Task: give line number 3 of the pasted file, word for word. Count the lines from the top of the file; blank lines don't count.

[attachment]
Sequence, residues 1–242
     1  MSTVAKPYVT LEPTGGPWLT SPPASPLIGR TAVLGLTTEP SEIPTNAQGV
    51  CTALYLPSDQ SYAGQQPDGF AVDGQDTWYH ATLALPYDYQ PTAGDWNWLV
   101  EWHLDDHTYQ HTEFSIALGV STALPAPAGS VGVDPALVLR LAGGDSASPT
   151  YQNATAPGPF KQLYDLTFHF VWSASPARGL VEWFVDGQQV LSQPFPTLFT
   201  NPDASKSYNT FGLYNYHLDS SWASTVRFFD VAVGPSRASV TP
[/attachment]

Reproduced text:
    51  CTALYLPSDQ SYAGQQPDGF AVDGQDTWYH ATLALPYDYQ PTAGDWNWLV